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The High Price of ‘Reassuring’ Despotic Clients

William Hartung chides [1] the Obama administration for trying to buy Saudi goodwill with weapons:

One justification that has been put forward for the continued flow of weaponry from the United States to Saudi Arabia is that it provides reassurance to the kingdom’s leadership that Washington won’t tilt toward the Iranians in the wake of the deal reached last year over Iran’s nuclear program. But if demonstrating a commitment to the Saudi government entails supporting deadly and reckless initiatives, like the war in Yemen, the policy is not worth the price.

It is a measure of how indefensible the administration’s support for the war on Yemen is that this absurd “reassurance” argument is the only one available to defend it. The U.S. shouldn’t have to “reassure” the Saudis and the other Gulf states of anything. The nuclear deal imposes restrictions on Iran’s nuclear program, and the supposed “windfall” that Iran was going to get from sanctions relief has actually been a trickle of a few billion dollars so far. At most, Iran will gain access to maybe fifty billion dollars of their own money when all is said and done, and that is less than the Saudis’ annual military budget. The Saudis and the other Gulf states should be grateful to the U.S. for ensuring that Iran won’t have the ability to acquire nuclear weapons for decades to come, but they know that if they bleat about being betrayed and abandoned they are more likely to receive a bribe to keep quiet. The administration didn’t let the whining of its useless regional clients keep it from successfully negotiating the nuclear deal, and they shouldn’t be catering to them once it was concluded.

Even if there were some need to placate the Saudis and the other Gulf states, keeping them happy isn’t worth the price of enabling war crimes and implicating the U.S. in the senseless devastation and starvation of an entire country.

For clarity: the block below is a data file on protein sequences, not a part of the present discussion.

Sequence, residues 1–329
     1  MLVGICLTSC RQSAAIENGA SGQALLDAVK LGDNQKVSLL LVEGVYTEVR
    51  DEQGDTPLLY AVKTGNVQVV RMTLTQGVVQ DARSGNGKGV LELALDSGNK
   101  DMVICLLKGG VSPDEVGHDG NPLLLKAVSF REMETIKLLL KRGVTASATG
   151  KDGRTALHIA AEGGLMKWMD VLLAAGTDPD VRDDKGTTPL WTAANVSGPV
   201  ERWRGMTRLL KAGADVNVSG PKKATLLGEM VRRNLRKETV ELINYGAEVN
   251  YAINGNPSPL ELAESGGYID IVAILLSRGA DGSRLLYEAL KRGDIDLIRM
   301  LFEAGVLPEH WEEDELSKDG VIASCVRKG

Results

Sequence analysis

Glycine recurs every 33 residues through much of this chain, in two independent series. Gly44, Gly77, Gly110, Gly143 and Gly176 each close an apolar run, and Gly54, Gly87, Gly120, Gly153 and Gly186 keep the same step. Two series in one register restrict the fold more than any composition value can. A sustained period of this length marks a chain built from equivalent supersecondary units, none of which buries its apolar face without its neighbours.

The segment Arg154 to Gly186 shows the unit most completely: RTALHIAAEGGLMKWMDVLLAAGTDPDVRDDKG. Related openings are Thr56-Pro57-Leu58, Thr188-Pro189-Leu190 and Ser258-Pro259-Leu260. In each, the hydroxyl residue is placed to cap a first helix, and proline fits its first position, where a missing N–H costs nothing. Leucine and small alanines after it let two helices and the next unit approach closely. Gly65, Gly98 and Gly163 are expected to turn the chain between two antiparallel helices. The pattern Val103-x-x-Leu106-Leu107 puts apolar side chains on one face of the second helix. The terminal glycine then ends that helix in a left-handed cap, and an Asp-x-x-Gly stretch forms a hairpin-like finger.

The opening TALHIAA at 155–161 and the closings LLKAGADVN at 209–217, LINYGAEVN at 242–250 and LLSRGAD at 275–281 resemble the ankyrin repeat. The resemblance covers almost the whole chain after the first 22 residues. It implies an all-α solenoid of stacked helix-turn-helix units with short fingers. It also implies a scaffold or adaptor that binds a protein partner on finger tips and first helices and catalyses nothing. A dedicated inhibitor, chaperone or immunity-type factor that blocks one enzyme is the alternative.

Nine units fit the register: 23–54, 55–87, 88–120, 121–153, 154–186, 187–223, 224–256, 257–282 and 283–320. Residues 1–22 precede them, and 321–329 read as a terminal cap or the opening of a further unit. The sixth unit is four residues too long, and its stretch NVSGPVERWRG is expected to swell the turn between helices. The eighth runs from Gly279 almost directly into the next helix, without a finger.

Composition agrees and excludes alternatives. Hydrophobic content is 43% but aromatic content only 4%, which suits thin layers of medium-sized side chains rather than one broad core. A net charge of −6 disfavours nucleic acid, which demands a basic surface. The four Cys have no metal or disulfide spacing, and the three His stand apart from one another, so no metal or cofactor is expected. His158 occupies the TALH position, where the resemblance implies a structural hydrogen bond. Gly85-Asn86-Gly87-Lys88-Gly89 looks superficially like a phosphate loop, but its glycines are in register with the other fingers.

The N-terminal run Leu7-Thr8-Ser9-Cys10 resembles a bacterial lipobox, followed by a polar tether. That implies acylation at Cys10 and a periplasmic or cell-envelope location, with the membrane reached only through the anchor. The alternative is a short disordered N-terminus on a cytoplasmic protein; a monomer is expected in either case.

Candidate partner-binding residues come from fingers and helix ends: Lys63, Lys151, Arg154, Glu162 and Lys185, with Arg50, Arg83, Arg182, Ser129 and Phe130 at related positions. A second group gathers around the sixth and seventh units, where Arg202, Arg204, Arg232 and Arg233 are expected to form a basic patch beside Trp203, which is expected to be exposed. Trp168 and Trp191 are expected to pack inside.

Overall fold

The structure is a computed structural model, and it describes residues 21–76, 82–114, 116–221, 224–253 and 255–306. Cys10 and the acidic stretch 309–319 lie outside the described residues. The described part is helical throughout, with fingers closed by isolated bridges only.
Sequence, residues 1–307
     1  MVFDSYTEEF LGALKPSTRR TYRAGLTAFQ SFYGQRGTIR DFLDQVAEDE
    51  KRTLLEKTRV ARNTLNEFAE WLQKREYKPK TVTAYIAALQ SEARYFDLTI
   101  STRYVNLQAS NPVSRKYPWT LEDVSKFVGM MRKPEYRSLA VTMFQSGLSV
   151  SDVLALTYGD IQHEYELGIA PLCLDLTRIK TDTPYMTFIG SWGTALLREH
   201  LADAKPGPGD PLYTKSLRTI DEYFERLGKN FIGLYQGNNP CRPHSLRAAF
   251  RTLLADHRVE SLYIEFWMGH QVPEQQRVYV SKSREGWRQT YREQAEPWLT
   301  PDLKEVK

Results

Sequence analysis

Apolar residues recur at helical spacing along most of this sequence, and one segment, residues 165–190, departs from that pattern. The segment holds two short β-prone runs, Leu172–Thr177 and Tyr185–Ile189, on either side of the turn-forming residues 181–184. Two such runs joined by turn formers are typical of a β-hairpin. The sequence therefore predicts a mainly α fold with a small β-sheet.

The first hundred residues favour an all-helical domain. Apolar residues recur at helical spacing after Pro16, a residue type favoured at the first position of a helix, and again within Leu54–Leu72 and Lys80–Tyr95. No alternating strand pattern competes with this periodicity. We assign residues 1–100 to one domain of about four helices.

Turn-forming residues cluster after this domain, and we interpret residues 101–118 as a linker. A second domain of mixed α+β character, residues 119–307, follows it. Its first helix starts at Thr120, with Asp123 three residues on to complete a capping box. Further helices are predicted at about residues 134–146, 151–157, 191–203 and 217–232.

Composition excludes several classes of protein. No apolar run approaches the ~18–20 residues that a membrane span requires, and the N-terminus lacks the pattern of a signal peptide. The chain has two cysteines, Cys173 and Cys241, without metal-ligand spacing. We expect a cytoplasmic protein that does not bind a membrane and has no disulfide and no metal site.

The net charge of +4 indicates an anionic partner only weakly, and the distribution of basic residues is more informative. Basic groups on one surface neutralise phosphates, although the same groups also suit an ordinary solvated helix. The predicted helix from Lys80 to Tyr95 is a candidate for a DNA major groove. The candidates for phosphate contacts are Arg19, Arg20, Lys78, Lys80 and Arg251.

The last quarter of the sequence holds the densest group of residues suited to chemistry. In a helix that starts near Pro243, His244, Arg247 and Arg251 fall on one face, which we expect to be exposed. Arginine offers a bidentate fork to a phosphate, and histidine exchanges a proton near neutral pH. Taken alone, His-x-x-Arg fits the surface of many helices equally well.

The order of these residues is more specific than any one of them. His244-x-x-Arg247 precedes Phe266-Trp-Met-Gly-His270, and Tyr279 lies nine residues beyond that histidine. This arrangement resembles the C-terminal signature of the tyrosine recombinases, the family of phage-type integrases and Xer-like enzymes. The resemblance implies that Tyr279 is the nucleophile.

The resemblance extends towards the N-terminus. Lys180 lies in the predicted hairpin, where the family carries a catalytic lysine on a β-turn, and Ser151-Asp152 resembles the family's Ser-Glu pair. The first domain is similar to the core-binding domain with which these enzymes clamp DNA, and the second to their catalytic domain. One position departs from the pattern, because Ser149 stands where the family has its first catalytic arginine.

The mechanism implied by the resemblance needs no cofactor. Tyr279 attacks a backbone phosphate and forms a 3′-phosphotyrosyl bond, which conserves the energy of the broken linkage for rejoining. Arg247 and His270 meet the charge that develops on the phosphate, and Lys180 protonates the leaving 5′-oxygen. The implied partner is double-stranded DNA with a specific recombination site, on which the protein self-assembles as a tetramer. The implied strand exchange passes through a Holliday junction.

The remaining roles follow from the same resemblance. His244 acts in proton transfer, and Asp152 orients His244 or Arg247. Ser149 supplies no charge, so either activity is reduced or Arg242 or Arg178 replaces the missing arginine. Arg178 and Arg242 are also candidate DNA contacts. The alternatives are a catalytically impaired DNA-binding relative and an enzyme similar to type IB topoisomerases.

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2 Comments To "The High Price of ‘Reassuring’ Despotic Clients"

#1 Comment By collin On April 19, 2016 @ 3:38 pm

This obviously good advice but it is probably harder in practice as the neoconservative are constantly complaining that Obama is against our Allies. (Also I wonder how much of the Iran and Saudia jawing is due to the crash in oil markets.)

Additionally, I believe Obama is doing ‘trolling’ with the infamous 9/11 28 pages stuff and get less support for Saudia Arabia. I wish they would release the findings as I bet of the material is widely known with most foreign policy experts. By not releasing the information formally, the infamous 28 pages becomes more notorious on the internet.

#2 Comment By Kurt Gayle On April 19, 2016 @ 3:51 pm


What do you think is the purpose of Obama’s visit to Saudi Arabia tomorrow?

Is there anything in the Obama visit that you think might give us hope for a change in US pandering to Saudi Arabia — especially re Yemen?